Art, Process, and Connection in Miranda July’s “Lost Child!”

Photo Credit: Todd Cole

Presented by The Institute of Contemporary Art

Review based on the Oct. 6, 2013 performance
Barbara Lee Family Foundation Theater at the ICA
100 Northern Ave.
Boston, MA
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Review by Gillian Daniels

(Boston) The Institute of Contemporary Art is a glass and steel structure near the shore.  On a gray, rainy Sunday, it looks imposing and a little unnerving. I’m reminded of the cold skyscrapers in Manhattan in my first visit there to see Miranda July on stage.  This isn’t a bad state of mind to be in.  Coincidentally, my first exposure to Miranda July was when I lived in New York and read her book of short stories, No One Belongs Here More Than You (2007).  I was enchanted with her writing, its self-deprecating jokes and nervous whimsy.  It appealed to me in a city where I often felt unanchored.

In her live performances and films, July radiates the vulnerability in her writing.  Her characters are often shy and awkward, deceptively artless while embodying the nerve-wracking, uncomfortable moments in life.  She creates work about (and perhaps for) the shy and the lonely and she seems to want to keep it that way.

In Lost Child!, Miranda July describes her work up until now.  She expresses an urge to remain unconfined by medium.  Rather than remain in the movie industry (her most recent film is The Future (2011)), she talks about wanting to carve out a place for herself.  This starts early with the book she wrote as a seven-year old about a lost little girl and then the two-person play she wrote and produced at sixteen, the latter based on her pen pal letters with a jailed convict.  Her journey is excessively personal, her early performance art largely controlled and acted out with her in all the roles. She doesn’t flinch when she talks about dropping out of college to do performance art and briefly live with a bomb-making girlfriend.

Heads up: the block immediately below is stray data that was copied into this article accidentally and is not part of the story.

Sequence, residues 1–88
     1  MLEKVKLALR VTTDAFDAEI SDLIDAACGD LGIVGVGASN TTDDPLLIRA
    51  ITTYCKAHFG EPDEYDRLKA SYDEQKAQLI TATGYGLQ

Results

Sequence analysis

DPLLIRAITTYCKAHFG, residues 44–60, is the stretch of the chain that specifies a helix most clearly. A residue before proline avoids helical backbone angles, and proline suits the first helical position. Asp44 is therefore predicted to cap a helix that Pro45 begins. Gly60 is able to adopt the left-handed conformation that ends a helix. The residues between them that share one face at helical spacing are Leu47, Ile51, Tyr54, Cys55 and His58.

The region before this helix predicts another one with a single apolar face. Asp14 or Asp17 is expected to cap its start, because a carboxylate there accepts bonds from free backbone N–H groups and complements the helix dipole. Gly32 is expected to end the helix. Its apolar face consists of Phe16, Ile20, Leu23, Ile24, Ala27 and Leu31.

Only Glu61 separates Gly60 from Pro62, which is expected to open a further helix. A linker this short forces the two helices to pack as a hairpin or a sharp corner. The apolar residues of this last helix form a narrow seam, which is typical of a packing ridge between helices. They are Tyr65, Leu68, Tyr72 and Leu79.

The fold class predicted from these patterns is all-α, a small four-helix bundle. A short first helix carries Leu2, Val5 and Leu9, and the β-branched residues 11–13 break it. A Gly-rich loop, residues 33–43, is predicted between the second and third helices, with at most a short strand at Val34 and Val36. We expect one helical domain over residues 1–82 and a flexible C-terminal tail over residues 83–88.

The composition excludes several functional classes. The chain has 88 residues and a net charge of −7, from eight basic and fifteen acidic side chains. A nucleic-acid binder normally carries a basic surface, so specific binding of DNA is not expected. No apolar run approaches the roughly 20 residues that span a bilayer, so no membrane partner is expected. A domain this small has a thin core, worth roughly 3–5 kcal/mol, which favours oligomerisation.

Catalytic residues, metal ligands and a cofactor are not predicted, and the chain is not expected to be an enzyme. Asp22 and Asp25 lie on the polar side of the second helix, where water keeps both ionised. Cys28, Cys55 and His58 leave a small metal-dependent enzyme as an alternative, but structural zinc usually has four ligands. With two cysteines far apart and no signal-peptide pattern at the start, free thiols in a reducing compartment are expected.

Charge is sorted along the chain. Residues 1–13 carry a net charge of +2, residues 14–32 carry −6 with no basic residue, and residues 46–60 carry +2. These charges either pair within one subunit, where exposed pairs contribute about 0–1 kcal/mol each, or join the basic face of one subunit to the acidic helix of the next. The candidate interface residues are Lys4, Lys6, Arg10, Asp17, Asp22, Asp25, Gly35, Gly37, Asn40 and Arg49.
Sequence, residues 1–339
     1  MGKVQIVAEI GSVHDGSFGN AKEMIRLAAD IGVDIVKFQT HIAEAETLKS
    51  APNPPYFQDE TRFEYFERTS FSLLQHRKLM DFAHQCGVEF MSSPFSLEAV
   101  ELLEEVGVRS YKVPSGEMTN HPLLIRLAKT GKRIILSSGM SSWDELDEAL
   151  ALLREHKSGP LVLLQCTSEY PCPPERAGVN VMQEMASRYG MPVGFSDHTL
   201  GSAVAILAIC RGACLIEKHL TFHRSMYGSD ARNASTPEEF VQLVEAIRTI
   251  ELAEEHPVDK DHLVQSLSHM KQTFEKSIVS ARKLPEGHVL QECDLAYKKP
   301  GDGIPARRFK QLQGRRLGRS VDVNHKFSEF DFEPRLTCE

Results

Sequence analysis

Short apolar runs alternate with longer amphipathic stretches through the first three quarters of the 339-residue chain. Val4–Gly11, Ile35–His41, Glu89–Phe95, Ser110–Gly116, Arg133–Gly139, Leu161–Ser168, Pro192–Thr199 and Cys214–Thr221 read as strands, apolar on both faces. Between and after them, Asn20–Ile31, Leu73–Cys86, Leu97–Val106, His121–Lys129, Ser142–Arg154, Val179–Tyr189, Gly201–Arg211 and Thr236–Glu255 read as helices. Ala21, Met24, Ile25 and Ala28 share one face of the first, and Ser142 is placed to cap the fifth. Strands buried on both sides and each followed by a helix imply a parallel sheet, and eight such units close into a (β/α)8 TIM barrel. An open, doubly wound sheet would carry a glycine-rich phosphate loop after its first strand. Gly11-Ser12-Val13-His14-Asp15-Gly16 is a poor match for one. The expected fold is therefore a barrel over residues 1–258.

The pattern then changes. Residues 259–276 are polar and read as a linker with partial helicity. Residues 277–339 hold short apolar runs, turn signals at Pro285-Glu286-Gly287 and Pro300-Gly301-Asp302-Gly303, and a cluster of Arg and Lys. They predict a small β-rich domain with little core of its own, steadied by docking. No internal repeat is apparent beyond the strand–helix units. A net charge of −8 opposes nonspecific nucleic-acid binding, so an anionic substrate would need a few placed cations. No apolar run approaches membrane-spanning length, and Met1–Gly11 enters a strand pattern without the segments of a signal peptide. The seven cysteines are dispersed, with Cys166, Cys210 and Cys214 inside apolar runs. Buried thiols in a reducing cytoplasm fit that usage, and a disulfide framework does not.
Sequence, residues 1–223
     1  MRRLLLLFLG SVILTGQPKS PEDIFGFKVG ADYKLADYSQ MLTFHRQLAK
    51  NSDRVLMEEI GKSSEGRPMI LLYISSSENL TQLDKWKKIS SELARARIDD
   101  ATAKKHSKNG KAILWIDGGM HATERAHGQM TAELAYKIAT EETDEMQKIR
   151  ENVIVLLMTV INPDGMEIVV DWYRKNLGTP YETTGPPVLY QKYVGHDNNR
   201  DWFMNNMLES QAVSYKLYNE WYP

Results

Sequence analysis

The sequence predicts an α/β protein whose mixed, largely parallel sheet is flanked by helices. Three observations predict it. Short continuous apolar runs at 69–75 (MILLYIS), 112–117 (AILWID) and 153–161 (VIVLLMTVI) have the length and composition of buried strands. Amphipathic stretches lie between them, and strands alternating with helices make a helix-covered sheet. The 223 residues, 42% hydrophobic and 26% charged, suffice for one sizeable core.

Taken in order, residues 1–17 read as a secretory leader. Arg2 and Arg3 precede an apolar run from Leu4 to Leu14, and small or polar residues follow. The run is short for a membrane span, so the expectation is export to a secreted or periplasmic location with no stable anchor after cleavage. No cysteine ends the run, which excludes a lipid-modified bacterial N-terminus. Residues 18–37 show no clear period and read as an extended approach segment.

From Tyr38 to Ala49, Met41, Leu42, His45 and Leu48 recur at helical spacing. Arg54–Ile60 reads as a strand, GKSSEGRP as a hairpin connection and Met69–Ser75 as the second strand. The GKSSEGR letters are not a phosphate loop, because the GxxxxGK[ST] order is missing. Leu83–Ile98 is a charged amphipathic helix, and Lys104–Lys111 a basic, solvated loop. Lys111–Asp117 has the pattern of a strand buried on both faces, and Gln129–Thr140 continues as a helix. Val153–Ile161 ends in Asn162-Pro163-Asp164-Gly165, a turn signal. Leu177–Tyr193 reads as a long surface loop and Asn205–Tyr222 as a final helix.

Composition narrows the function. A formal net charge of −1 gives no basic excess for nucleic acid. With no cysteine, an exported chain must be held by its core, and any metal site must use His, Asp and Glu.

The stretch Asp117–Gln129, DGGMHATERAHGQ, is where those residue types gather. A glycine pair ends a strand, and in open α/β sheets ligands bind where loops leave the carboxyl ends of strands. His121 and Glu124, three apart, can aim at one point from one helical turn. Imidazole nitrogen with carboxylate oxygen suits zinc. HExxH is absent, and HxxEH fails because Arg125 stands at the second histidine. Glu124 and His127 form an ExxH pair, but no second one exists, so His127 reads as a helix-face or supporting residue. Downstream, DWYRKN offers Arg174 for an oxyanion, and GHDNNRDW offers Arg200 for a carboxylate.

From her early development as a writer, actress, and director, July is all about reflection and interviews between “a larger, higher power” and herself.  She slowly steps away from the familiar to include audience participation in her live performances.  Eventually, she talks about her relatively recent interviews conducted with people she’s met through ads in the Penny Saver in Los Angeles.  Her exploration of disconnection becomes a way to connect.

Her work remains concerned with high art and thoughtful meandering.  Never does she come off as proud or snobbish, however, remaining humble and humorously disarming as she describes her web site community projects and break out hit film, You and Me and Everyone We Know. There’s something in her voice and posture that’s steely and sure.  I think she’s perfectly aware of what it means to be alienated, in life, theater, and the film industry, but continues to make stories for those who feel adrift and isolated.

Lost Child! leaves a lot for viewers to chew over.  It seems, principally, like it would be best experienced by those who already know who July is or are interested in thinking about and developing their own art.  It’s a show of cliff notes, moments that show where July has been as a creator and individual and hint where the film director and new mother is headed next.

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